84 Charing Cross Road

The origins of the friendship were innocent enough: One day in 1949 a New Yorker, fed up with local bookstores that didn’t stock the English classics, wrote a London bookstore with a series of inquiries. After that, she did much business with the humble store, and the relationship that developed through the next two decades enriched the lives of everybody involved.

84 Charing Cross Road, the address of Marks & Co., Antiquarian Booksellers, is a film based on this true story, and composed entirely of the long-ranging correspondence. Now, if that sounds like an impossible prospect for a movie, be assured that the filmmakers have found attractive ways of making it all work.

Much of the film consists of outright narration from the letters. Helen Hanff (Anne Bancroft), a script reader and struggling writer, writes primarily to Frank Doel (Anthony Hopkins), the bookish manager of the store, who quickly becomes intrigued by the feisty, knowledgeable American on the other end.

She soon breaks up the businesslike exchange with impromptu literary criticism, presumptuous personal questions and eventually a crate of meats and fruits (Britain was suffering through food rationing at the time). As the correspondence grows more personal, we watch glimpses of the lives of these people: Hanff’s sometimes lonely spinsterhood, Doel’s wife and daughters at home.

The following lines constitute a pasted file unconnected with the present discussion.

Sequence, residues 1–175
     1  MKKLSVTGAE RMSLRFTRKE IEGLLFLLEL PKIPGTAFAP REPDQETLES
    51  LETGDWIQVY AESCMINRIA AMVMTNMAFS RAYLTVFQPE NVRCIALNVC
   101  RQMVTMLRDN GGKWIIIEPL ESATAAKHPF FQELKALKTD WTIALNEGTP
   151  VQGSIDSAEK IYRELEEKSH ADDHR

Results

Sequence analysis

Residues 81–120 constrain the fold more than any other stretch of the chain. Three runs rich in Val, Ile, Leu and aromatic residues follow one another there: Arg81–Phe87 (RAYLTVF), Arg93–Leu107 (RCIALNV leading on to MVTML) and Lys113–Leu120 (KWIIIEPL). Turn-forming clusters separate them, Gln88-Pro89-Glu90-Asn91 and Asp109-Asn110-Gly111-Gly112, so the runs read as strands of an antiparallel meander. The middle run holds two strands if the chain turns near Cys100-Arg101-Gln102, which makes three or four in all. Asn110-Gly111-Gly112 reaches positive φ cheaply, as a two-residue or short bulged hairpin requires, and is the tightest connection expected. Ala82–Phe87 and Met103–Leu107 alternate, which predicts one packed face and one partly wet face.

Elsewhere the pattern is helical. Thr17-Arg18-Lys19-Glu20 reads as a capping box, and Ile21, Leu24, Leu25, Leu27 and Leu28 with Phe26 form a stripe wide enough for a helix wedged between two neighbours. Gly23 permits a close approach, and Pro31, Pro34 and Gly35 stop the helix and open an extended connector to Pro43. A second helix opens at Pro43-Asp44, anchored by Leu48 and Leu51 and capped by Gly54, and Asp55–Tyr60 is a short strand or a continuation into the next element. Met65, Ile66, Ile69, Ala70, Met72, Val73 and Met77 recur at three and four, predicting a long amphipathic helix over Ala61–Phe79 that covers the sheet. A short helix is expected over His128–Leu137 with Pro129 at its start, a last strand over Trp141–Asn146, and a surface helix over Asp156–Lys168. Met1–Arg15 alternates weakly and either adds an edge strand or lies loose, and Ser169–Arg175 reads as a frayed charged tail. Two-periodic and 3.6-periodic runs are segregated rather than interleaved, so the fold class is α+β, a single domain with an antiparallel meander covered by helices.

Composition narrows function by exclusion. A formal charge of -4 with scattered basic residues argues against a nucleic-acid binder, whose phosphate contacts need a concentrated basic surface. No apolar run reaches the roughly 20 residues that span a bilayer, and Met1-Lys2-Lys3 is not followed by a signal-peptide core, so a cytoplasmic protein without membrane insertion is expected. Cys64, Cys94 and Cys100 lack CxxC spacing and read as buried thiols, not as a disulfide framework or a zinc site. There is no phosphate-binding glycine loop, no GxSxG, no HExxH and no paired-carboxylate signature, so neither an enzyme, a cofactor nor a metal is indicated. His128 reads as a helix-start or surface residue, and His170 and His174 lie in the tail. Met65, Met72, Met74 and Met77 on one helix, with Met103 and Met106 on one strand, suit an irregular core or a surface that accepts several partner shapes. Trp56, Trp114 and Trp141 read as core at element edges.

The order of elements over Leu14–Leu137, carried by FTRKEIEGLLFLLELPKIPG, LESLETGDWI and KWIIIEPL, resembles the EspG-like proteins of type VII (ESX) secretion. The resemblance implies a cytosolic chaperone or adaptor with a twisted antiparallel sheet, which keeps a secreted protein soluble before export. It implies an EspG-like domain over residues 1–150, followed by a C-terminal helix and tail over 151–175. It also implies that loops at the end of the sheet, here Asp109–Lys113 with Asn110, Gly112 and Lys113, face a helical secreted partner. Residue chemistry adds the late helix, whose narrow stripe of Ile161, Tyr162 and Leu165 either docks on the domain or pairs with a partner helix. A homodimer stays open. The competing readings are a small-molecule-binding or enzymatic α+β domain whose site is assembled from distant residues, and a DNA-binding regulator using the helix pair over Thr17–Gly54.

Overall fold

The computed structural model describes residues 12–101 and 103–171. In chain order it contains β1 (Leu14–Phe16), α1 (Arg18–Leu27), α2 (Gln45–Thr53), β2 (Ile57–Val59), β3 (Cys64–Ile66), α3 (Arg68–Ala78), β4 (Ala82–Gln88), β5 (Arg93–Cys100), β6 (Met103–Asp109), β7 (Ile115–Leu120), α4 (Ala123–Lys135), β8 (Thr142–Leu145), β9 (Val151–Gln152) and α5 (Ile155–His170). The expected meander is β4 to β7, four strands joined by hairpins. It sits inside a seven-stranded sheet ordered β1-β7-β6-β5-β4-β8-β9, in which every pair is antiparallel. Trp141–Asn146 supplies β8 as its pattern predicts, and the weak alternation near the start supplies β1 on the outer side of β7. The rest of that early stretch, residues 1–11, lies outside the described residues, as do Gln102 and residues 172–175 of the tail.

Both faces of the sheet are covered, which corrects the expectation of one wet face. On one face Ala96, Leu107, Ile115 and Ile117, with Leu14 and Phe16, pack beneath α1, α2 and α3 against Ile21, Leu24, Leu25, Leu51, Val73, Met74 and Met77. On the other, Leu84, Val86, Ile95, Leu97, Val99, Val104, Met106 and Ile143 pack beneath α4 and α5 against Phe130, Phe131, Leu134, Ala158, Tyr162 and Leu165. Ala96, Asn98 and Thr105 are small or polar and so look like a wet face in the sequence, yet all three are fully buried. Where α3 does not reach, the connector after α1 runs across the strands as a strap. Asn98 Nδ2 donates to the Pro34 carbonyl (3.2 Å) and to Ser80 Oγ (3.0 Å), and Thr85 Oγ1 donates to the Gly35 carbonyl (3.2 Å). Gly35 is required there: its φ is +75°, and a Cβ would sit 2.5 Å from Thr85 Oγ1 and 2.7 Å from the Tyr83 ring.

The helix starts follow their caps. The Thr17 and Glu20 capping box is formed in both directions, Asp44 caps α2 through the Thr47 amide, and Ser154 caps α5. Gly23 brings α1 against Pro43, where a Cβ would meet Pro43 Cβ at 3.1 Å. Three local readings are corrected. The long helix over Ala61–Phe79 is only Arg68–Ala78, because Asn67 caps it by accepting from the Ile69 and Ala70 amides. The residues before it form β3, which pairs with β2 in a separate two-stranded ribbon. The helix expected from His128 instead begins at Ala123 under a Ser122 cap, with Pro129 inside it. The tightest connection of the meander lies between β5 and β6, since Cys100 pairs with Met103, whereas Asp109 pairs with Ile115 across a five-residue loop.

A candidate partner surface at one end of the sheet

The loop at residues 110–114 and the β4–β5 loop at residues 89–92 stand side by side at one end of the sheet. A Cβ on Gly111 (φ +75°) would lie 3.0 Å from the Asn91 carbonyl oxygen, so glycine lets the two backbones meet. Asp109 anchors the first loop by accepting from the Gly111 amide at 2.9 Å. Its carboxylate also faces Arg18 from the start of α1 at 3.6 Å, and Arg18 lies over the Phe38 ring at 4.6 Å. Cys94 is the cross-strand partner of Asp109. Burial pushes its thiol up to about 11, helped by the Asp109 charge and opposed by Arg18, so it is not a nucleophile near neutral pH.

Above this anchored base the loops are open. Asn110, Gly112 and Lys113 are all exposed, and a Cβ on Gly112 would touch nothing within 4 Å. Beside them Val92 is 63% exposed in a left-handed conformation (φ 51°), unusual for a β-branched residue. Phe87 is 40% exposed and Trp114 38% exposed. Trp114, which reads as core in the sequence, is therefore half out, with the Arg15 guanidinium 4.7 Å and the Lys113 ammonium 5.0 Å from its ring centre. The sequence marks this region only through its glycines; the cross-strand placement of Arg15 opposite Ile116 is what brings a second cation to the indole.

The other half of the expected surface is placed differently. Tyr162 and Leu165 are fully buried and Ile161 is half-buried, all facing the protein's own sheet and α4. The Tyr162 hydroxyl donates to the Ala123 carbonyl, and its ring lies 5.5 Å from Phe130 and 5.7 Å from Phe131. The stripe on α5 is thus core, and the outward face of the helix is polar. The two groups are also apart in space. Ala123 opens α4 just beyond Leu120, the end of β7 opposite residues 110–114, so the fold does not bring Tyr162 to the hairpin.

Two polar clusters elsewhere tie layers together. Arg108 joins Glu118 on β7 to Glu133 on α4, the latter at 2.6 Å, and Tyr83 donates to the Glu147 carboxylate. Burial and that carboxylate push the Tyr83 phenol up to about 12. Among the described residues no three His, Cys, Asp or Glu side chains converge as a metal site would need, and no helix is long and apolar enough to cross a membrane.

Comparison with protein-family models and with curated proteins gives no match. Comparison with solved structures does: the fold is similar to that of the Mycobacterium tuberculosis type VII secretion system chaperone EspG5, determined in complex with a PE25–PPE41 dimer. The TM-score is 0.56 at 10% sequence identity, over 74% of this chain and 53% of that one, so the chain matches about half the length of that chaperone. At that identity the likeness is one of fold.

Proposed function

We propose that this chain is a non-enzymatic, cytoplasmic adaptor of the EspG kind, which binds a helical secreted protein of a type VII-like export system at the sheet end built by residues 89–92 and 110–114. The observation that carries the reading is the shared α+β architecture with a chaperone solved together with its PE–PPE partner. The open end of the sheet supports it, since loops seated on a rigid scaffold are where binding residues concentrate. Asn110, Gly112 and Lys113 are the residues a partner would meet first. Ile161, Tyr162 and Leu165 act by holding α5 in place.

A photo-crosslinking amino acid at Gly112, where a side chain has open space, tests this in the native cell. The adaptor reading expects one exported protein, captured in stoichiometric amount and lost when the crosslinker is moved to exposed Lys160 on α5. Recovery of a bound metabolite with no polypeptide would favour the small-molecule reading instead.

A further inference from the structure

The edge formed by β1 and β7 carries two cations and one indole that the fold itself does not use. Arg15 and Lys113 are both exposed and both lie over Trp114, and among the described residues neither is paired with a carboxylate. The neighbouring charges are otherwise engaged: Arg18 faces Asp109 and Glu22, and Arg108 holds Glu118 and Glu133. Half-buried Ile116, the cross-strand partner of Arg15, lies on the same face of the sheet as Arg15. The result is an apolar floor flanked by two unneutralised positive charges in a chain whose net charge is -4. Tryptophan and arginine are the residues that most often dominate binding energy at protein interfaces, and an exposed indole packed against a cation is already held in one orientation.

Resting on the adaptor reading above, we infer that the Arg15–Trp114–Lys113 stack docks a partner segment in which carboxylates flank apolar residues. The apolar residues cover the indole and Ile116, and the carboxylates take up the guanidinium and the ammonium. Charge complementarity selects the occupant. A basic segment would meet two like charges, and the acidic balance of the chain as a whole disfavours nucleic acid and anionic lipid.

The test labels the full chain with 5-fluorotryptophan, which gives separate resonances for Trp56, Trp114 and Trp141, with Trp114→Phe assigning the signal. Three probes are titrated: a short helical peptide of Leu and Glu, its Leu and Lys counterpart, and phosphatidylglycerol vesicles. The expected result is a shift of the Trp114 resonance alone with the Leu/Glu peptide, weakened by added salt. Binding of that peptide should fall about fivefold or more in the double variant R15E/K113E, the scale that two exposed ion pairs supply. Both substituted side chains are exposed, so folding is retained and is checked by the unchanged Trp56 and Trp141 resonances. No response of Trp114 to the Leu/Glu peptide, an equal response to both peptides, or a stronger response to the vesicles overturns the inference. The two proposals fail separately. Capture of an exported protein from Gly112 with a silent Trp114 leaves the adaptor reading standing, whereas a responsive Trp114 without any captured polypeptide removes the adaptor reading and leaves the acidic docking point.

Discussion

The director, David Jones (Betrayal), finds just the right visual scheme for this. Sometimes Hanff and Doel are seen writing and reading the letters, sometimes they are simply going about their lives while we listen to their words and sometimes they address the camera. This last culminates in a concurrent exchange, as though they were speaking directly to each other over thousands of miles. The technique becomes emotionally effective when we learn that Doel has died in the interim, and that this was their final dialogue. (They never did actually meet.)

84 Charing Cross Road is about a lot of things, like the sheer sensual pleasure of books—not literature, but books themselves—and the delicate fantasies that can spring up in lonely people who take to writing to strangers. Most of all, it’s about finding love in the oddest places.

This is beautifully captured when Helene must cancel a proposed trip to London, and Doel receives her letter of explanation. He stands awkwardly in the middle of the store, gazing wistfully as he murmurs, “She’s not coming.”

How does a movie like this get made? In this case credit probably goes to, of all people, Mel Brooks, whose production company made it (he’s Bancroft’s husband). It takes a lot of faith, or chutzpah, to believe that audiences will respond to such a singular storytelling method and subject matter—surely this is the first film in anybody’s memory that relies on jokes about John Donne and William Blake.

First published in the Herald, March 20, 1987

I haven’t seen this movie since, but reading this again, it sure sounds like something I’d like to watch. I guess somebody might put a spoiler arrest on me for this review, although the revelations seem logical with this subject matter. David Jones, the man who so ably guided this film and the tricky Betrayal, ended up doing a great amount of U.S. television, which doesn’t seem quite right.

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